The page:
Then, the missionary board declares the only way she can serve is to be married.
Now, married in name only, her epic journey west will test her spirit… and the new longings of her heart.
Jody Hedlund has done it again. I fell in love with The Preacher’s Bride, and I’m happy to say her second book is as good as the first. Just as she loosely based her first novel on the life of John Bunyan, here she has interpreted the arduous journey overland to Oregon in 1836 by missionaries Marcus and Narcissa Whitman. Narcissa Whitman became known for the first white woman to cross the Continental Divide. Somewhere in the back of my mind, I’d heard of the Whitmans, but I didn’t associate them with this novel until the Author’s Note at the end of the book. I looked them up online afterward and learned their real story. (If you like happy endings, stick with the book!) Hedlund did a great job with the research, to the point where one really could consider this novel a fictionalized biography.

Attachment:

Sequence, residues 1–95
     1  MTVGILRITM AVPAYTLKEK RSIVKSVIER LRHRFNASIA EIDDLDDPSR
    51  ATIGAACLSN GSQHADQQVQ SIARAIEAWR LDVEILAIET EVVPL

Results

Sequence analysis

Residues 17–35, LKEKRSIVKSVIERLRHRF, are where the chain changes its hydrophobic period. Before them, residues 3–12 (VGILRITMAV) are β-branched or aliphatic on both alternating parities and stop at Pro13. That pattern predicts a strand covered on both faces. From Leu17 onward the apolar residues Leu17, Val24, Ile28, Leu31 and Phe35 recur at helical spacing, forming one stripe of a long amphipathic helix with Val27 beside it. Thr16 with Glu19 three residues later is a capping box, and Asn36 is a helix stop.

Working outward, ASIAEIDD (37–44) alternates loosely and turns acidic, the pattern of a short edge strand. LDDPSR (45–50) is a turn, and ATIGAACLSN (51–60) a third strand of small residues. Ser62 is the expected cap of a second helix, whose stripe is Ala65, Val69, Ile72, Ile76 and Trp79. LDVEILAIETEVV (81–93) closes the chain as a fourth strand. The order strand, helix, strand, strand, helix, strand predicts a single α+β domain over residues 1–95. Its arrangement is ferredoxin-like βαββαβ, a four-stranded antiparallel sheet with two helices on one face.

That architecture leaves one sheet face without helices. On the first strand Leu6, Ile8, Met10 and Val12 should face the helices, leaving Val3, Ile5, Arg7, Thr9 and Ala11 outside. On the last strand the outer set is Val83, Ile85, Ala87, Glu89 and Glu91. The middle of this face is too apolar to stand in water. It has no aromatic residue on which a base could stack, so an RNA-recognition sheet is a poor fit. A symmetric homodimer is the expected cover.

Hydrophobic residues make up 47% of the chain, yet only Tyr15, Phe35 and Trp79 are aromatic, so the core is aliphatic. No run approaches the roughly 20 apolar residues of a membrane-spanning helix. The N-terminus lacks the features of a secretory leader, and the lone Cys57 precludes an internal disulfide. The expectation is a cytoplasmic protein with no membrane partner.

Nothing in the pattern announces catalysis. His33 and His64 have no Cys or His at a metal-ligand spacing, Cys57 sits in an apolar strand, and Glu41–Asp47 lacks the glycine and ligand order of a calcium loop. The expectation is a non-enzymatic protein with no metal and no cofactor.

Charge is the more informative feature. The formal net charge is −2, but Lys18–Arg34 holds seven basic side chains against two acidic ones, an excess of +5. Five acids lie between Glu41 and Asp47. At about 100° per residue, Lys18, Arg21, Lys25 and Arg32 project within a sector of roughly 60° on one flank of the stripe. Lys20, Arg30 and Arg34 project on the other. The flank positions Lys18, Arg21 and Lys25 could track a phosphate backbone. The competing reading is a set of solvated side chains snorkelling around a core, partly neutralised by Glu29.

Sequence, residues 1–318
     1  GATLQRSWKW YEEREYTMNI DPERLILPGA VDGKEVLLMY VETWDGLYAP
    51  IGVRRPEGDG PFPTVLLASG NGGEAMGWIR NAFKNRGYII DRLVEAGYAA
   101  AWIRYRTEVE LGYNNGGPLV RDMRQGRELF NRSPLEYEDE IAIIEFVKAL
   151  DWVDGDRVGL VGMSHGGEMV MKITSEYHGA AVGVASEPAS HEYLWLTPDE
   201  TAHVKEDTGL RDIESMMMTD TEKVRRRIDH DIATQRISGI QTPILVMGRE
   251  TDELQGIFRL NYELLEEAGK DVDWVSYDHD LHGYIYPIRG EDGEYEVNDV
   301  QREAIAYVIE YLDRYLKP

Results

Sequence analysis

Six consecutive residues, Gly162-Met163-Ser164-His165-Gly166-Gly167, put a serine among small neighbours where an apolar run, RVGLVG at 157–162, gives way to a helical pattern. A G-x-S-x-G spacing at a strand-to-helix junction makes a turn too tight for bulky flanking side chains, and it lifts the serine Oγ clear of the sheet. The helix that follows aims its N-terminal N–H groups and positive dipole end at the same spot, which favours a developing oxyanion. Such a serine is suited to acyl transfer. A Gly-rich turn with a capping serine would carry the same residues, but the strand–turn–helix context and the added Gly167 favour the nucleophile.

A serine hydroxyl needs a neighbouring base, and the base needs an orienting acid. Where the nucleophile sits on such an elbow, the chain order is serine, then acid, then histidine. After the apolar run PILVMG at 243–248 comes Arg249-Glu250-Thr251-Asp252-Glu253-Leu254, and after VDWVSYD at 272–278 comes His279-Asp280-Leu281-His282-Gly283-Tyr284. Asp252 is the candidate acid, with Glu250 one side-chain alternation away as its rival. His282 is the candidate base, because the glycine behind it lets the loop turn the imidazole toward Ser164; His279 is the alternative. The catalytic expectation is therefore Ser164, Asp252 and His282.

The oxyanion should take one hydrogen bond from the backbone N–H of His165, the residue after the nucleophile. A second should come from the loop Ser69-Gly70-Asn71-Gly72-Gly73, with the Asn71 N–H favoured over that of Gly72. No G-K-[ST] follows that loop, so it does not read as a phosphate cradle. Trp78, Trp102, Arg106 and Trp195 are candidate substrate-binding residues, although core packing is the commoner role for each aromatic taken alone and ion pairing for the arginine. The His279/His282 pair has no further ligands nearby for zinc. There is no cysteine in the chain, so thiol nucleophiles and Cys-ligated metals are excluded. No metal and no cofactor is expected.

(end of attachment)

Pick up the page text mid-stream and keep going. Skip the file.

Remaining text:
I knew this book was at the library, but I had to wait about a month to get hold of it. One probable reason is that Marcus and Narcissa began their journey by getting married in Angelica, New York, which is in the next county over from where I live. The church building still stands, although it is no longer used as a church. The chapters set in Angelica, therefore, I could imagine clearly in my mind. I didn’t know other places featured in the tale, but the map at the front of the book helps greatly.
I had problems in putting this book down, and only did so because I needed sleep! I only have one question after finishing it: who is Jody Hedlund going to write about next?
Publisher: Bethany House
Page Count: 384
Publication Date: 11 September 2011